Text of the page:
Trick-or-Treating for Halloween Party
When my son – then four – attended a Halloween party last year, I was pleasantly surprised that there were enough age-appropriate activities to make the party more than just a chaos of kids running around.
To begin with, since most kids were there because their parents felt it was more appropriate for them than staying up late into the night trick-or-treating, and yet most kids are socially trained to believe Halloween fun relies on just that activity, there was something similar built into the party.
Around the perimeter of the community center gym where the party was held were different trick-or-treating stations, each manned by an adult in costume, and each with a different kind of candy.
This kept the activity controlled, “fair” and safe, while giving the kids their fix. Much of the center of the gym floor was pocketed by different activity stations.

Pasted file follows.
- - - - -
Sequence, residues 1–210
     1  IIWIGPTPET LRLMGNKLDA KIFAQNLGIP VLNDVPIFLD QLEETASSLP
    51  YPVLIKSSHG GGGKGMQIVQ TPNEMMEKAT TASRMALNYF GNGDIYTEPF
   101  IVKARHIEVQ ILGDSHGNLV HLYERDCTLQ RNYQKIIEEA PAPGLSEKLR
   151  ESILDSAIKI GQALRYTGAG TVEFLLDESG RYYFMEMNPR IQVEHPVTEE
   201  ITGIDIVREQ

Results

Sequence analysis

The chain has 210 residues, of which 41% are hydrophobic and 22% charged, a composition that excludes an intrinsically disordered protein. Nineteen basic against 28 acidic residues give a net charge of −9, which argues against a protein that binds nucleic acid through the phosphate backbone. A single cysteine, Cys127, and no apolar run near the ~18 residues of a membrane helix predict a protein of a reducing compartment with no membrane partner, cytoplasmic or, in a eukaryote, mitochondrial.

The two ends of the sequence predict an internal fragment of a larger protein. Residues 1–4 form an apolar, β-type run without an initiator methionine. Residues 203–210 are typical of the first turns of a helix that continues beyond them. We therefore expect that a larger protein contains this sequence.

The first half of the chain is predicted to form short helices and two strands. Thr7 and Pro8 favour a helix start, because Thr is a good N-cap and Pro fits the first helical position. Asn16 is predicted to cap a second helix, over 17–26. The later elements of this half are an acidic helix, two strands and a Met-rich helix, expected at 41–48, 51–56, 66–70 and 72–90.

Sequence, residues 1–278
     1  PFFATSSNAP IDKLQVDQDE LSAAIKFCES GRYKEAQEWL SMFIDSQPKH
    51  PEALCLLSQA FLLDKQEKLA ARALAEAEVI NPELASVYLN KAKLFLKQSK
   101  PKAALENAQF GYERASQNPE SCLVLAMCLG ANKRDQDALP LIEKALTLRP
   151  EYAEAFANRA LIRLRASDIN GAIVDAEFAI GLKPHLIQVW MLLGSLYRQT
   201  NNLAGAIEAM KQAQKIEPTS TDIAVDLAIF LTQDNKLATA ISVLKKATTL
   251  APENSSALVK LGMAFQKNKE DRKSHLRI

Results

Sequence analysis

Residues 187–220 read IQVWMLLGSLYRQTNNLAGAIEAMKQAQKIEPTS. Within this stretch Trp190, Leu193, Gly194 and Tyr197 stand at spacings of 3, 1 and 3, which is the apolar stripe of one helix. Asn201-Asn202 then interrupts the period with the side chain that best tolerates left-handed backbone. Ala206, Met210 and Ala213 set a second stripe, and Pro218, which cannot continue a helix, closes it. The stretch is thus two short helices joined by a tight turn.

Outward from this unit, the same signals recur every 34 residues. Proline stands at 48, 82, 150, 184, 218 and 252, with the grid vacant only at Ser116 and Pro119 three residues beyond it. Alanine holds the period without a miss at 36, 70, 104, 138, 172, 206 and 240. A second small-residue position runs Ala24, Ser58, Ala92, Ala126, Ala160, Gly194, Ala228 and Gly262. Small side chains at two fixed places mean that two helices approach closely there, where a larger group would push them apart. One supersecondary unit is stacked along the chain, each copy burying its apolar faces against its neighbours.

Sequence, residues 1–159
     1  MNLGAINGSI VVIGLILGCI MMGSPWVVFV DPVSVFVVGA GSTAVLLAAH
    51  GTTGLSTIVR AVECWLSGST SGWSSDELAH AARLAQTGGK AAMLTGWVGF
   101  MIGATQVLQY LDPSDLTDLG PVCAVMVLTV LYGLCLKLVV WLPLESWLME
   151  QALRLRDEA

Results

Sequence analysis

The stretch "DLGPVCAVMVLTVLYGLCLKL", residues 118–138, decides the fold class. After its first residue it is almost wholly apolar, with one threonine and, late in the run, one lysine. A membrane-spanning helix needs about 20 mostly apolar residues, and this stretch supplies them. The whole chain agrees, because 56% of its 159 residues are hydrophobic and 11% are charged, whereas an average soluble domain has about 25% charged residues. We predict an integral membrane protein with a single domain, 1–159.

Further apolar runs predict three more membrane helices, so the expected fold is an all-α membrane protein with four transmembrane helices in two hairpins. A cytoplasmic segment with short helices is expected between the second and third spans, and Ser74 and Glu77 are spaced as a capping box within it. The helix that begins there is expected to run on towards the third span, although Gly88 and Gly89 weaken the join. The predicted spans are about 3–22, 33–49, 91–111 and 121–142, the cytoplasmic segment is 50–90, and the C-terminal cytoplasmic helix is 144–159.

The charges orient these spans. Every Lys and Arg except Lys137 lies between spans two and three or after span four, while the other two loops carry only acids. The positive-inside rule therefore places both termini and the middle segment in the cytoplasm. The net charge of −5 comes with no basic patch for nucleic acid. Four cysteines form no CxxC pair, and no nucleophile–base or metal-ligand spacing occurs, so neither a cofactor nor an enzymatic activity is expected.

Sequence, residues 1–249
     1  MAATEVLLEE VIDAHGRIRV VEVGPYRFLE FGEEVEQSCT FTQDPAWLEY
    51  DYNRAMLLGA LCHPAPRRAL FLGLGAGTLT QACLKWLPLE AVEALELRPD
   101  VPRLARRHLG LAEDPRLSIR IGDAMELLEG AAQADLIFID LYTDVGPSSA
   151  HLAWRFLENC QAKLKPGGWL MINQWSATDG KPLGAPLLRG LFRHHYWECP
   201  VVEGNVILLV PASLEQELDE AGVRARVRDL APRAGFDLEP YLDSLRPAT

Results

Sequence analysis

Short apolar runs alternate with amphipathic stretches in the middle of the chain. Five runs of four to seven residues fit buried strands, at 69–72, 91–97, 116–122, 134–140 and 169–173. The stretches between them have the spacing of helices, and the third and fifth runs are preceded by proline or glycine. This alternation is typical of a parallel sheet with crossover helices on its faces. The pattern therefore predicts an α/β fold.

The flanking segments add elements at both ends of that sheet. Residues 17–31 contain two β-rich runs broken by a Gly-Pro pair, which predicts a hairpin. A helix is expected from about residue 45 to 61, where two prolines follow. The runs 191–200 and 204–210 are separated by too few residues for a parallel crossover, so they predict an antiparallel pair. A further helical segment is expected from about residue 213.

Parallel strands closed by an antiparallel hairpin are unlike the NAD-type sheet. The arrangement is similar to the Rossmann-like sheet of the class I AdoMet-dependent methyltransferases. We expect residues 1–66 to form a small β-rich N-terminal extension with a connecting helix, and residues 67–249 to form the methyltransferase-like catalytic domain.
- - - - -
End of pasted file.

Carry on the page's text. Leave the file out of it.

At one, kids decorated small plastic pumpkins (think Oriental Trading Co.) with assorted-color sharpies, to make their own Jack-o-Lanterns. At another, pre-cut pieces of fun foam sheeting were assembled to make their own monster masks.
At a third, there was a game of stick (via Velcro) the black cat on the witch’s broom. A fourth was actually a small enclosure filled with clean, dry leaves, that one child at a time could jump into.
Kids decorated their own Halloween cupcakes to eat with orange frosting, black gel frosting, gummy worms, seasonal sprinkles, and that sort of thing.
They mixed their own “magic potions” at a wizard’s table, to make drinks that were really seltzer water with different colors of food coloring.